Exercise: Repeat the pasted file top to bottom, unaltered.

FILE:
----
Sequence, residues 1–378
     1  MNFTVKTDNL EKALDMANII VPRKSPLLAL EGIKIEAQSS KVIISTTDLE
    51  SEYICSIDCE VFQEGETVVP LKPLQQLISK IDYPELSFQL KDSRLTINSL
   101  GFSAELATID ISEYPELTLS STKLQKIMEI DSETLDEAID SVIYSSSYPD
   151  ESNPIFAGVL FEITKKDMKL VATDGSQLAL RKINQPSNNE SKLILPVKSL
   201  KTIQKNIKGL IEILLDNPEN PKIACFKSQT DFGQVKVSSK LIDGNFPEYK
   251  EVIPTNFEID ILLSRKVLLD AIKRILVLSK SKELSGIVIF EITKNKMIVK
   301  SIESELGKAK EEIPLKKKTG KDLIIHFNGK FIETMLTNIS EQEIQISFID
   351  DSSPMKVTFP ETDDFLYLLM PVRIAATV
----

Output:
Sequence, residues 1–378
     1  MNFTVKTDNL EKALDMANII VPRKSPLLAL EGIKIEAQSS KVIISTTDLE
    51  SEYICSIDCE VFQEGETVVP LKPLQQLISK IDYPELSFQL KDSRLTINSL
   101  GFSAELATID ISEYPELTLS STKLQKIMEI DSETLDEAID SVIYSSSYPD
   151  ESNPIFAGVL FEITKKDMKL VATDGSQLAL RKINQPSNNE SKLILPVKSL
   201  KTIQKNIKGL IEILLDNPEN PKIACFKSQT DFGQVKVSSK LIDGNFPEYK
   251  EVIPTNFEID ILLSRKVLLD AIKRILVLSK SKELSGIVIF EITKNKMIVK
   301  SIESELGKAK EEIPLKKKTG KDLIIHFNGK FIETMLTNIS EQEIQISFID
   351  DSSPMKVTFP ETDDFLYLLM PVRIAATV